“I didn’t think it was possible,” Breault said of his award. He pointed out that two other Foresters pitchers, Cole Quintanilla and Ryan Bergert, combined for three strikeouts in the ninth. “Good, young, live arms come to Santa Barbara and always do well for the team,” said Breault, who came back for a second summer with the Foresters. “This is a place you have a great time and get better as a baseball player.”
Demco, who formerly pitched for Sam Houston State, said he soon expects to land an offer from another Division 1 school.
During the Prospect Game, Pintard was interviewed by Fox Sports West and explained why he has spent the last 25 summers fielding the Foresters. “It’s really easy for me,” he said. “I love to do it. I tell them, ‘I get to watch you guys play baseball and I don’t have to buy a ticket.’”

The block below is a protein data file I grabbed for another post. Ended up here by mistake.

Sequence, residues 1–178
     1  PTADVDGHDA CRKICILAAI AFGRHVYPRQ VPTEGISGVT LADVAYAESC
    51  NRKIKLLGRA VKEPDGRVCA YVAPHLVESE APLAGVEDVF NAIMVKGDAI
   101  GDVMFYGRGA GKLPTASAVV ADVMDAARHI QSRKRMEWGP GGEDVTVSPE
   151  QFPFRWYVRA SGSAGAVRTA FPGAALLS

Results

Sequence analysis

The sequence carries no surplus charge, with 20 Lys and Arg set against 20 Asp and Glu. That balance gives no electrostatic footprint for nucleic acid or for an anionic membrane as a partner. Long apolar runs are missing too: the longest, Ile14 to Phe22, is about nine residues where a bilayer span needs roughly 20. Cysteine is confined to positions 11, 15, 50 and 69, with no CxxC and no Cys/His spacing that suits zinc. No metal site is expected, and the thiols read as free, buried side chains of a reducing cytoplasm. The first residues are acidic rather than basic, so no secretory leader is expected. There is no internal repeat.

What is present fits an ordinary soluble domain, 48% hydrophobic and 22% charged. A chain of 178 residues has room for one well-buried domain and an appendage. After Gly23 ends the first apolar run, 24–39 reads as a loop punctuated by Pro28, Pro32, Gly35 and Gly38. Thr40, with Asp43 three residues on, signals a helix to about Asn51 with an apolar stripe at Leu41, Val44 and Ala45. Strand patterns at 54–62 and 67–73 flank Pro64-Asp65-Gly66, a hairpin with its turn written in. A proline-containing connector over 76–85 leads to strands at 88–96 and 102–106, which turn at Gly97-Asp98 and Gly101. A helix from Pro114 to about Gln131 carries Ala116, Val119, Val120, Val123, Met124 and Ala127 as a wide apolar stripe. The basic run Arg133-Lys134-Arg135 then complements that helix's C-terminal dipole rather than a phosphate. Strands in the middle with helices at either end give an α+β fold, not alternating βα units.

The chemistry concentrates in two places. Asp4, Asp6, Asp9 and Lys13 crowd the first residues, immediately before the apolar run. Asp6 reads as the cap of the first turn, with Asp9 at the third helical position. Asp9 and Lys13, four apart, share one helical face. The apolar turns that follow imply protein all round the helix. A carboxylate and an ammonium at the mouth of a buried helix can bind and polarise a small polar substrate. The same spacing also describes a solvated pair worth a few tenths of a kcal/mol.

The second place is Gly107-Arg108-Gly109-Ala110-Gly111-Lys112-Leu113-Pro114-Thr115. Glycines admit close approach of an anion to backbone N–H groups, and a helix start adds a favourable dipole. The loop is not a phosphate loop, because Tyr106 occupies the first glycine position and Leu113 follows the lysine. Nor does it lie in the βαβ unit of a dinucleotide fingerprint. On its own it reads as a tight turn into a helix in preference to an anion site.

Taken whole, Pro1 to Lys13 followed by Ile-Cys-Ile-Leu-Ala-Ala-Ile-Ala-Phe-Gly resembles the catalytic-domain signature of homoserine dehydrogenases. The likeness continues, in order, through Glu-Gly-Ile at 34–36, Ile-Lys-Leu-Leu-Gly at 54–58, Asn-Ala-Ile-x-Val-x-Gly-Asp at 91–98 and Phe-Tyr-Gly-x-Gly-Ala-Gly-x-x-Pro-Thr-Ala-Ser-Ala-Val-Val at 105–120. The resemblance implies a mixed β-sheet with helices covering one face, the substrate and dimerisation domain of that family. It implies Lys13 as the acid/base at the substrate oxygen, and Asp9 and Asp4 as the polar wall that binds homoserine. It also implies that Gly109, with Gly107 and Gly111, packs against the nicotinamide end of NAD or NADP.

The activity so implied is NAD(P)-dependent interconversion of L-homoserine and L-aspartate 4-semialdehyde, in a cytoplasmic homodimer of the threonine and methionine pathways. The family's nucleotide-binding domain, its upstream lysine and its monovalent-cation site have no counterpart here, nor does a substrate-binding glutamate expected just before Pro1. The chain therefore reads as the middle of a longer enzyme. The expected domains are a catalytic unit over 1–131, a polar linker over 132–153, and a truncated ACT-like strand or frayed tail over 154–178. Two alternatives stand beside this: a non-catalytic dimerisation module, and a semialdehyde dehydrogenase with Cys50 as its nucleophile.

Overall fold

He does have to help raise funds to send them to Wichita every August for the National Baseball Congress World Series, but that’s another attraction. The Foresters won a record seventh crown last year in the nation’s oldest amateur baseball tournament. Pintard said, “The thrill of being the last team standing — I get bumps to think about it.”
Through last weekend, the Foresters had a record of 989-303 since Pintard took over in 1995. Nine games remain in the regular season, and with the CCL playoffs at Thousand Oaks and their next trip to Wichita, they could conceivably win No. 1,000 before this summer is out.
While the pitching has been solid, Santa Barbara’s bats have been making noise lately as well. Eric Kennedy, a speedy outfielder, is hitting .380 in the lead-off spot. Generally known for putting the ball in play and flying around the bases, the Foresters have legitimate power-hitters in Fresno State’s Zack Presno, Stanford’s Nick Bellafronto, and Cal-Berkeley’s Quentin Selma.
Santa Barbara’s last weekend homestand at Pershing Park will be this Saturday, July 20, against the Saints (6 p.m.), and Sunday against the Academy Barons (2 p.m.).